With all of the extra paperwork required and too few staff members at the reviewing state agencies, many licenses are expiring before they can be renewed. Shortages of staff are being reported at the Georgia Secretary of State’s office and Georgia’s Medical Board. Licenses being affected include licenses for doctors, nurses, pharmacists and other health providers are falling through the cracks and expiring. According to a Kaiser Health News story released November 12, 2012, there’s not much that can be done to speed up the process.

Requirements are Confusing to Professionals.

Georgia House Bill 87 was aimed at blocking illegal immigrants from getting benefits but instead has created lots of confusion, according to an article in the Atlanta Journal-Constitution. For example, when people are confused about the requirements and fail to not submit copies of acceptable identification, then their professional licenses expire and they are not legally allowed to practice.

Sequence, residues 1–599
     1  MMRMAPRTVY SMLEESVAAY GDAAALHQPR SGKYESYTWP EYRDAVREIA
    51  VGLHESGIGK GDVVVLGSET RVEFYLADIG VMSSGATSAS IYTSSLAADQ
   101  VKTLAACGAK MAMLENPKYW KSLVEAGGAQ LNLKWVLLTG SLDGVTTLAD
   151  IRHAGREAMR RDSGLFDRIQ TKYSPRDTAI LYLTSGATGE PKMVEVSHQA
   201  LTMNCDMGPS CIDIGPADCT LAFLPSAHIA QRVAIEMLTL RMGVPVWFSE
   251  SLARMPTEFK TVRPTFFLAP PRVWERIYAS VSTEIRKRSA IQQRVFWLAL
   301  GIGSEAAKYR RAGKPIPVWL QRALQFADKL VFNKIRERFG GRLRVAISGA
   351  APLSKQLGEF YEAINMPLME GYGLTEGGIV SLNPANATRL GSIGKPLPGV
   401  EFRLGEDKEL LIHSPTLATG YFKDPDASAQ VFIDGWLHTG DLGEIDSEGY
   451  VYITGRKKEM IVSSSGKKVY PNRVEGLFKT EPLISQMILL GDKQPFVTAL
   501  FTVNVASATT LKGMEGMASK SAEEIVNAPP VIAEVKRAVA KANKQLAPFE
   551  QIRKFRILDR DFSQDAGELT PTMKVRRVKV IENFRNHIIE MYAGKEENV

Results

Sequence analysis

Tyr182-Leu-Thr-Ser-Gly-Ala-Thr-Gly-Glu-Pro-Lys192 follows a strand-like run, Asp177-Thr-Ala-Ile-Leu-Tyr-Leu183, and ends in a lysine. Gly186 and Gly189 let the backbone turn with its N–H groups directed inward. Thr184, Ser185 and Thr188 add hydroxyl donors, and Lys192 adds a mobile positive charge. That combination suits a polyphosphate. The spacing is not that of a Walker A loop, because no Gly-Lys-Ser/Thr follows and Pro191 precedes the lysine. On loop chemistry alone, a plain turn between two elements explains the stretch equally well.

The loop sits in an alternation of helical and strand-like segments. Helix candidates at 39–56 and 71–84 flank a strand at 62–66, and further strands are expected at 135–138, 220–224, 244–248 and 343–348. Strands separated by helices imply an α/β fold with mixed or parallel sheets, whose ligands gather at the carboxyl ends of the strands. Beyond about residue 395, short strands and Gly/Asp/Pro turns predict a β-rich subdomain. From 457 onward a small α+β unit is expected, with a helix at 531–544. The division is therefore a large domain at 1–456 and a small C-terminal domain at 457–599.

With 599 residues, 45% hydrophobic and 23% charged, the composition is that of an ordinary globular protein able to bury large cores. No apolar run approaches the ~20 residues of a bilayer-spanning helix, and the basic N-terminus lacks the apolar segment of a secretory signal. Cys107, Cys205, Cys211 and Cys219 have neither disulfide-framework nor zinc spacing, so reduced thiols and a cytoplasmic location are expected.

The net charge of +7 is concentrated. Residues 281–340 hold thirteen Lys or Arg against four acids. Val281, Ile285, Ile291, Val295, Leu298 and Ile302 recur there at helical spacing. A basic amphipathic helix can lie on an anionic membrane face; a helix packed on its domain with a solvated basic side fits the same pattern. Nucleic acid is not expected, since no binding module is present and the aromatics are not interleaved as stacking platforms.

It is reported that some individuals, instead of forwarding copies of photo identification, are sending photos of animals or pornography into the state’s online system. Officials believe this is either a form of protest or a joke, either way it slows down the review process.

To read the article from the Atlanta Journal-Constitution, click here.

Providers Be Aware of Medicare Conditions of Participation.

Providers need to be forewarned that if their licenses are expired Medicare conditions of participation (COPs) prohibit billing for services provided. If a service was provided while the license was expired, be prepared to refund the overpayments.